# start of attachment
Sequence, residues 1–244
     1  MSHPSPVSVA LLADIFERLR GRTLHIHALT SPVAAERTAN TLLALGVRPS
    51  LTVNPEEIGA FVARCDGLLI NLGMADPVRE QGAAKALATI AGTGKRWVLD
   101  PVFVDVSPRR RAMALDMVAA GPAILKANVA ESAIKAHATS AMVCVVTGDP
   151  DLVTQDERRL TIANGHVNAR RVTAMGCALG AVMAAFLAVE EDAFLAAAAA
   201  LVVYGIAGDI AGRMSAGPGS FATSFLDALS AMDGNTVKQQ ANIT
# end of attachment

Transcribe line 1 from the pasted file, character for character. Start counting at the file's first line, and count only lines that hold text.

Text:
Sequence, residues 1–244